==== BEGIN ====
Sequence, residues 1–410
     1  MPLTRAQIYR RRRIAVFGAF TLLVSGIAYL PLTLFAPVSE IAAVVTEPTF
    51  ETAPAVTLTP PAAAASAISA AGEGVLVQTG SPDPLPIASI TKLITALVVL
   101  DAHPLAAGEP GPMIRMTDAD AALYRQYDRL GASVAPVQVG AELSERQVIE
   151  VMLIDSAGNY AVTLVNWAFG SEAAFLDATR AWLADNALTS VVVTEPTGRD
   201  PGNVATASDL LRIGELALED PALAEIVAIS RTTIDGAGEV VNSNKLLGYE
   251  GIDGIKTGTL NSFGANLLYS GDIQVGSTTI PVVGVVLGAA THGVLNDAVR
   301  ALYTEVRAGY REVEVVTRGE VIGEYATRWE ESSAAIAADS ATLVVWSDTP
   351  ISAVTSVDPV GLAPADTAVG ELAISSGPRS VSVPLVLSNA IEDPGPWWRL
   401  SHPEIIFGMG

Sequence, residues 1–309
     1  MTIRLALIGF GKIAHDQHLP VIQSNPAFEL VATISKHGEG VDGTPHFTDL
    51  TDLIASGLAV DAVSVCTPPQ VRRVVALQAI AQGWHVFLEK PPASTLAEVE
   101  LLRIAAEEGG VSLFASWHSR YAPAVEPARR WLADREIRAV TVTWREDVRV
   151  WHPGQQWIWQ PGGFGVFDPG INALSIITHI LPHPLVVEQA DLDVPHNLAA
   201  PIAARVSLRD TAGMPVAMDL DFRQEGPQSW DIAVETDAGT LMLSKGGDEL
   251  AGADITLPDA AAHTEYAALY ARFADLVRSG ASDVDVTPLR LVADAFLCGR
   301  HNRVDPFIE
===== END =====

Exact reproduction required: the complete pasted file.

Sequence, residues 1–410
     1  MPLTRAQIYR RRRIAVFGAF TLLVSGIAYL PLTLFAPVSE IAAVVTEPTF
    51  ETAPAVTLTP PAAAASAISA AGEGVLVQTG SPDPLPIASI TKLITALVVL
   101  DAHPLAAGEP GPMIRMTDAD AALYRQYDRL GASVAPVQVG AELSERQVIE
   151  VMLIDSAGNY AVTLVNWAFG SEAAFLDATR AWLADNALTS VVVTEPTGRD
   201  PGNVATASDL LRIGELALED PALAEIVAIS RTTIDGAGEV VNSNKLLGYE
   251  GIDGIKTGTL NSFGANLLYS GDIQVGSTTI PVVGVVLGAA THGVLNDAVR
   301  ALYTEVRAGY REVEVVTRGE VIGEYATRWE ESSAAIAADS ATLVVWSDTP
   351  ISAVTSVDPV GLAPADTAVG ELAISSGPRS VSVPLVLSNA IEDPGPWWRL
   401  SHPEIIFGMG

Sequence, residues 1–309
     1  MTIRLALIGF GKIAHDQHLP VIQSNPAFEL VATISKHGEG VDGTPHFTDL
    51  TDLIASGLAV DAVSVCTPPQ VRRVVALQAI AQGWHVFLEK PPASTLAEVE
   101  LLRIAAEEGG VSLFASWHSR YAPAVEPARR WLADREIRAV TVTWREDVRV
   151  WHPGQQWIWQ PGGFGVFDPG INALSIITHI LPHPLVVEQA DLDVPHNLAA
   201  PIAARVSLRD TAGMPVAMDL DFRQEGPQSW DIAVETDAGT LMLSKGGDEL
   251  AGADITLPDA AAHTEYAALY ARFADLVRSG ASDVDVTPLR LVADAFLCGR
   301  HNRVDPFIE